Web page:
Angeline’s website              Angeline’s Twitter:

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10 Benefits of an eBook

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10 Benefits of an eBook.

Anyone who knows me knows that I love a good list – so let’s look at the benefits of eBooks from both a writer, and a readers’ perspective.

For Readers:

1)      Font: you can alter most readers to make the font easier to read – this is perfect for people with vision problems and children who read better in larger fonts. New readers now also come with adjustable back lights too, so you can read anywhere, any time.

2)      You’re desperate to read that book, all your friends are talking about it – well with an eBook version you can download it instantly. No waiting for the post to come, or searching through library and bookshop shelves. You want it, by heck – you can have it right now! You can download an eBook any time you want – if you’re hankering for a zombies vs vampires undead-appaloosa at one in the morning – you could even download my novel Bad Blood!

3)      They’re usually cheaper that print versions – so you can save quite a sum of money in the long run to spend on, you guessed it, more books! Some of the classics are even available for free, along with other taster books and promotional short stories.

4)      Lighter to carry round than a book. Have eBook reader, will travel. Slip it in your bag and never again have a bored moment: waiting for a bus, for your friend to finish her make-up, or if you’re alone and enjoying a nice frothy fresh cup of coffee in an over-stuffed fake leather sofa in your local coffee joint; just remember to regularly charge your e-Reader!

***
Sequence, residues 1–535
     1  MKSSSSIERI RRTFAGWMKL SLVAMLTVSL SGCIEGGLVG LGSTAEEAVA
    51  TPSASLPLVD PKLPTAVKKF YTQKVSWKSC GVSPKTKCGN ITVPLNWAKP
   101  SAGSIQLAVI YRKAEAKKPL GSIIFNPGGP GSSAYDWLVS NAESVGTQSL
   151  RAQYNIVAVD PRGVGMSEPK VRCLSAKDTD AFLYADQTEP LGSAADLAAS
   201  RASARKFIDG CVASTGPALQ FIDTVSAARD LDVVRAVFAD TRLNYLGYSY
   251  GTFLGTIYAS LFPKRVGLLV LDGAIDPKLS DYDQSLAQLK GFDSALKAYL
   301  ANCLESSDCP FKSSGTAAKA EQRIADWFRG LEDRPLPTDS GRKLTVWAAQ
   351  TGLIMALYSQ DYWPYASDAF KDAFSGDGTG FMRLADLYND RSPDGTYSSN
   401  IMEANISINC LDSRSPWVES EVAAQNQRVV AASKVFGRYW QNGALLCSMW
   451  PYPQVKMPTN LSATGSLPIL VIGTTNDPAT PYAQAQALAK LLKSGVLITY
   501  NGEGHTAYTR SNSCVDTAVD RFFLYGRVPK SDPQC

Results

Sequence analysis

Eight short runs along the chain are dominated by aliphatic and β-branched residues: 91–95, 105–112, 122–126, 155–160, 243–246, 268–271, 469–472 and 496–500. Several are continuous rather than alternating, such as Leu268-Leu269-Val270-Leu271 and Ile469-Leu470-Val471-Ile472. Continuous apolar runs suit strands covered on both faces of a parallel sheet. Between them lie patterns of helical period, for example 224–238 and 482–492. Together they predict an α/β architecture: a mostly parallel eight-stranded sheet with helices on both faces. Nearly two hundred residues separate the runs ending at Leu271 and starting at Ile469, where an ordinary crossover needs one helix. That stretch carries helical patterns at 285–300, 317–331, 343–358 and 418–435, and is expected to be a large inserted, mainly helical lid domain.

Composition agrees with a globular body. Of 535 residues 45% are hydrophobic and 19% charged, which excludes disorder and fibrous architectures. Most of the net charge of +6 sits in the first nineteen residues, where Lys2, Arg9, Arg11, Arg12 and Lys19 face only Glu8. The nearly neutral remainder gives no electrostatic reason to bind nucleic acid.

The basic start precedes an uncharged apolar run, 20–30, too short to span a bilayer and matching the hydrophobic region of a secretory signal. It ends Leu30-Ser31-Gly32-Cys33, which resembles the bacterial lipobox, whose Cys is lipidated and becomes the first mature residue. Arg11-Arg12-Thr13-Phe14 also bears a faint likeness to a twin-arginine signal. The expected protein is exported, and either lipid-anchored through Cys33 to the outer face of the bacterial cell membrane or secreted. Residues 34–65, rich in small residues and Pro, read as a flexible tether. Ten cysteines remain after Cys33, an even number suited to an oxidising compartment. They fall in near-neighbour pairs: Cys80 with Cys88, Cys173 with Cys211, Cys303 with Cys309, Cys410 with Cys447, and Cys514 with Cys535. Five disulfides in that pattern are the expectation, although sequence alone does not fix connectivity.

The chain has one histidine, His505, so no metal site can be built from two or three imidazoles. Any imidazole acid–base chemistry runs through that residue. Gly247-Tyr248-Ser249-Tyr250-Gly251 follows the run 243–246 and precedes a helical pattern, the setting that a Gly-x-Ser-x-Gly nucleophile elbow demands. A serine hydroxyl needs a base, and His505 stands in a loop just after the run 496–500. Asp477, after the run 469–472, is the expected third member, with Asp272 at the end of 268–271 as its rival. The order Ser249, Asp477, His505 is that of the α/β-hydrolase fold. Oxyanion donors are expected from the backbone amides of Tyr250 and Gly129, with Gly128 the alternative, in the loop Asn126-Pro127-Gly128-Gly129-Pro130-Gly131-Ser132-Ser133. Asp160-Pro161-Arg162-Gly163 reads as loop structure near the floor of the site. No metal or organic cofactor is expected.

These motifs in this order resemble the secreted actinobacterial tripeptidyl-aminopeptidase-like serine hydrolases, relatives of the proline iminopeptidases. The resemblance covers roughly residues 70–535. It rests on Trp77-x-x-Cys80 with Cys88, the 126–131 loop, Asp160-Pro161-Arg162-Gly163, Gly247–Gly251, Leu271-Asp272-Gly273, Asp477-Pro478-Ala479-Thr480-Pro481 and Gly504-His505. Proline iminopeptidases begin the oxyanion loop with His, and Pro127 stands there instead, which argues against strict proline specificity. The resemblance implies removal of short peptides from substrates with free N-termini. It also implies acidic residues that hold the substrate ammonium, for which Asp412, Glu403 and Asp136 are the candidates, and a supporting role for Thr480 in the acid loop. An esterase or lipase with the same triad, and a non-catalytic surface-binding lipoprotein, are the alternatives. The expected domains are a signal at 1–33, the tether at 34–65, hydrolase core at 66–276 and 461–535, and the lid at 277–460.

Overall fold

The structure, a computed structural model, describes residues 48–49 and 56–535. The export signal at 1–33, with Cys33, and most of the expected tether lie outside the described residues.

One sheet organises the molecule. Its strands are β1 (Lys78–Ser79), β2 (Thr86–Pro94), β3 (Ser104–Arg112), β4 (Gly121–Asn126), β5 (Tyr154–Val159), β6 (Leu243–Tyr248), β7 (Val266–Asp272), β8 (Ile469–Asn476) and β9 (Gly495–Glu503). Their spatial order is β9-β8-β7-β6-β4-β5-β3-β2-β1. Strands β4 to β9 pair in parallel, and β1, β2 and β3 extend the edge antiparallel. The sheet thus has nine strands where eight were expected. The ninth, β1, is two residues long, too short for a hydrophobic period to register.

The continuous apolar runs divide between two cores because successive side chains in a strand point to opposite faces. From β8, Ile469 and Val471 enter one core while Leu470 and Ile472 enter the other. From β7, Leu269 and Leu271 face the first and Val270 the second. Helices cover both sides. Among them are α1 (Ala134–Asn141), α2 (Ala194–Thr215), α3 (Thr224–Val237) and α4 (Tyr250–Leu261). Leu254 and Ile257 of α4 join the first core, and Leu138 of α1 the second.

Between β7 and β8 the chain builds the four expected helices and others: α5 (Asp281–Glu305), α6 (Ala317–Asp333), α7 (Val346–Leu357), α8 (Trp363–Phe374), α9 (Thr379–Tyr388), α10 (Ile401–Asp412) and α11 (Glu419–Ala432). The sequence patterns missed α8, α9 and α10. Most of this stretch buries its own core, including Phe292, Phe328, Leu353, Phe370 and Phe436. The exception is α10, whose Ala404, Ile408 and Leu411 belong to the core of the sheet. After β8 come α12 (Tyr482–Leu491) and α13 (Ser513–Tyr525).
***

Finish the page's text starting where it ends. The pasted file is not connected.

5)      No more crammed bookcases. I don’t know about you, but my book shelves are dangerously piled high – like some bizarre literature Cirque-de-Soleil act. I love reading books, but I also love buying them and buying them takes less time! With eBooks, you can electronically store as many books as you like, without endangering your safety with a possible book avalanche.

For Writers:

1)      Royalties are higher on eBooks, as production costs are lower. Although, there is still that satisfying rush involved with seeing your work in print, the bottom line is that you’ll earn more from eBook sales.

2)      Production time is less, which means you can produce more work in the year than if you were printing – thus starting the royalty gravy train rolling sooner, rather than later.

3)      You’ll never be out of print. eBooks are always available and not tied to being printed in batches – if your work doesn’t date too much, it’ll be in circulation much longer.

4)      New e-Readers such as the Kindle Fire also include the front cover along with the text, this keeps your wonderfully designed book cover along with your work and is much more aesthetically pleasing to your reader and easily identifiable for you and your publishers branding.

5)      You can add in bonus content for your readers – maybe the playlist you listened to whilst writing, extra character information links, instant access to your website or Amazon author page so they can buy more of your splendid works. The possibilities are fantastically endless and will be consistently evolving.

Now, I’m not an ‘eBooks are the only way’ kind of girl, I’m still in love with paperbacks and hardbacks too – its a hard habit to break, but I must admit that eBooks are becoming pretty attractive. In my humble opinion, can’t they exist side by side, helping one another? To me, the written word is magical – no matter what format it takes.